[ri-fek-shuh n]


refreshment, especially with food or drink.
a portion of food or drink; repast.

Origin of refection

1300–50; Middle English refeccioun < Latin refectiōn- (stem of refectiō) restoration, equivalent to refect(us) (see refect) + -iōn- -ion
Related formsre·fec·tive, adjectivere·fec·to·ri·al [ree-fek-tawr-ee-uh l, -tohr-] /ˌri fɛkˈtɔr i əl, -ˈtoʊr-/, adjective Unabridged Based on the Random House Unabridged Dictionary, © Random House, Inc. 2019

Examples from the Web for refection

Historical Examples of refection

  • Her prolonged immobility disturbed the comfort of his refection.

    The Secret Agent

    Joseph Conrad

  • Great preparations had been made for the refection which was to be part of the entertainment.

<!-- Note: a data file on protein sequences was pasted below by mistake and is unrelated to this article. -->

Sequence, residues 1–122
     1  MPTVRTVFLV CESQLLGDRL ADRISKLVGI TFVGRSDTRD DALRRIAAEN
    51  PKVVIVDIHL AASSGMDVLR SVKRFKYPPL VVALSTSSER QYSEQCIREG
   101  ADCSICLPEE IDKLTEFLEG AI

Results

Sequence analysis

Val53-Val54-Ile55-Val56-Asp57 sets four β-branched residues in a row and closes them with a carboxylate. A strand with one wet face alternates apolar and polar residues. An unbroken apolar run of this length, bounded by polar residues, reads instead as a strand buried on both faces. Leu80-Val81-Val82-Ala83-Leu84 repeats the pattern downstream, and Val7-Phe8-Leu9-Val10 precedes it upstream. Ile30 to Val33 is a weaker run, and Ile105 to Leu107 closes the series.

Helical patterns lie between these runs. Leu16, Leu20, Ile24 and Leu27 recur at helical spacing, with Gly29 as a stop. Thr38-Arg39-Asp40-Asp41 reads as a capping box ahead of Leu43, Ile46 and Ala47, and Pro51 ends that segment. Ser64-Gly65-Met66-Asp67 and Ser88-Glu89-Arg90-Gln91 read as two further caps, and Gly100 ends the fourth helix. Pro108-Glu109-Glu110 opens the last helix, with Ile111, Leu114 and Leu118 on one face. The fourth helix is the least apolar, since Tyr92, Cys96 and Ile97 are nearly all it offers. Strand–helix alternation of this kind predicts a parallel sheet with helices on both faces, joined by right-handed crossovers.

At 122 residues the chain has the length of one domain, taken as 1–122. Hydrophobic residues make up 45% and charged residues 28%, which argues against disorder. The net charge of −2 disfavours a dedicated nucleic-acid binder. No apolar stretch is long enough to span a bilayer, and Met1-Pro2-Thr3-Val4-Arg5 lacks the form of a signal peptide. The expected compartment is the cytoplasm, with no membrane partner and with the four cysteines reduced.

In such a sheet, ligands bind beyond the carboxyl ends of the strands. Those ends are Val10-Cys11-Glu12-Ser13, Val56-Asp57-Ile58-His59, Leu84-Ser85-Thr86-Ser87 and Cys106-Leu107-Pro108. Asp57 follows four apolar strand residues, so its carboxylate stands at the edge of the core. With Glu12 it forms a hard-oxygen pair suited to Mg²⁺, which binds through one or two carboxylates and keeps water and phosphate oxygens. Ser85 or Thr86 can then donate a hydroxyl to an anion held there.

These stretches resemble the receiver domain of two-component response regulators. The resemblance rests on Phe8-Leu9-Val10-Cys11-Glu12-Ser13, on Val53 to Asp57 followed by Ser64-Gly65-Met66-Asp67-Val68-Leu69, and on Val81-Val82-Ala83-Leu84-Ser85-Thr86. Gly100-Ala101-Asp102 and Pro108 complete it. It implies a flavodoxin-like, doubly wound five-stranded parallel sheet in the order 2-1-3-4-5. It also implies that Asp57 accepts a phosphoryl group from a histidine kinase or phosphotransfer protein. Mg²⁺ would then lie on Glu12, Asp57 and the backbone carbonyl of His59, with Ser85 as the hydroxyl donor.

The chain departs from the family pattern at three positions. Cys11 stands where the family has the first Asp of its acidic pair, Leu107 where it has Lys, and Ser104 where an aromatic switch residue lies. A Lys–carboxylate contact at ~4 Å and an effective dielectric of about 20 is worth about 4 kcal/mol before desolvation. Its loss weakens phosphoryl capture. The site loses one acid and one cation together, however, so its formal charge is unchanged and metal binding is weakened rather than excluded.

Elsie Venner

    Oliver Wendell Holmes, Sr.

  • And it is good; it is a refection for the gods—certain selected gods.

    Nights in London

    Thomas Burke

  • Barley bread and water, or a little milk, was his only refection.

  • "We'll take our refection in the open air," said Timothy putting his head in at the door.

    Barbara Lynn

    Emily J. Jenkinson

British Dictionary definitions for refection



refreshment with food and drink

Word Origin for refection

C14: from Latin refectiō a restoring, from reficere to remake, from re- + facere to make
Collins English Dictionary - Complete & Unabridged 2012 Digital Edition © William Collins Sons & Co. Ltd. 1979, 1986 © HarperCollins Publishers 1998, 2000, 2003, 2005, 2006, 2007, 2009, 2012